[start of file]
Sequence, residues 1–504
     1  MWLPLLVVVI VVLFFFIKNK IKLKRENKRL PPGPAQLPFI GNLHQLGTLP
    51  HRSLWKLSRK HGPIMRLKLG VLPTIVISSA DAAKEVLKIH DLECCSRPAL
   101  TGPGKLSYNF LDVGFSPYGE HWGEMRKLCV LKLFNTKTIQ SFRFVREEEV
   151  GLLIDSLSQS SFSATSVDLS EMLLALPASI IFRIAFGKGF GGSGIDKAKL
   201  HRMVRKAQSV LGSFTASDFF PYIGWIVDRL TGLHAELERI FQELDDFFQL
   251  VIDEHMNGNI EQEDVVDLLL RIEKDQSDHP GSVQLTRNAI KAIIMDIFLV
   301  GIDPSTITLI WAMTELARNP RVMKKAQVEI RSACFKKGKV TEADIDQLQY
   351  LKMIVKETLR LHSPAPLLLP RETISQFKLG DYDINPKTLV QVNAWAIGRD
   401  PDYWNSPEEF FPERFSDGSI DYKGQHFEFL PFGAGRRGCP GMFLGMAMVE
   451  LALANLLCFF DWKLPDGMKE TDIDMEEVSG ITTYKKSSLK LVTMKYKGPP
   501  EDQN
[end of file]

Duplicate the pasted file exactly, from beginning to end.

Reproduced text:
Sequence, residues 1–504
     1  MWLPLLVVVI VVLFFFIKNK IKLKRENKRL PPGPAQLPFI GNLHQLGTLP
    51  HRSLWKLSRK HGPIMRLKLG VLPTIVISSA DAAKEVLKIH DLECCSRPAL
   101  TGPGKLSYNF LDVGFSPYGE HWGEMRKLCV LKLFNTKTIQ SFRFVREEEV
   151  GLLIDSLSQS SFSATSVDLS EMLLALPASI IFRIAFGKGF GGSGIDKAKL
   201  HRMVRKAQSV LGSFTASDFF PYIGWIVDRL TGLHAELERI FQELDDFFQL
   251  VIDEHMNGNI EQEDVVDLLL RIEKDQSDHP GSVQLTRNAI KAIIMDIFLV
   301  GIDPSTITLI WAMTELARNP RVMKKAQVEI RSACFKKGKV TEADIDQLQY
   351  LKMIVKETLR LHSPAPLLLP RETISQFKLG DYDINPKTLV QVNAWAIGRD
   401  PDYWNSPEEF FPERFSDGSI DYKGQHFEFL PFGAGRRGCP GMFLGMAMVE
   451  LALANLLCFF DWKLPDGMKE TDIDMEEVSG ITTYKKSSLK LVTMKYKGPP
   501  EDQN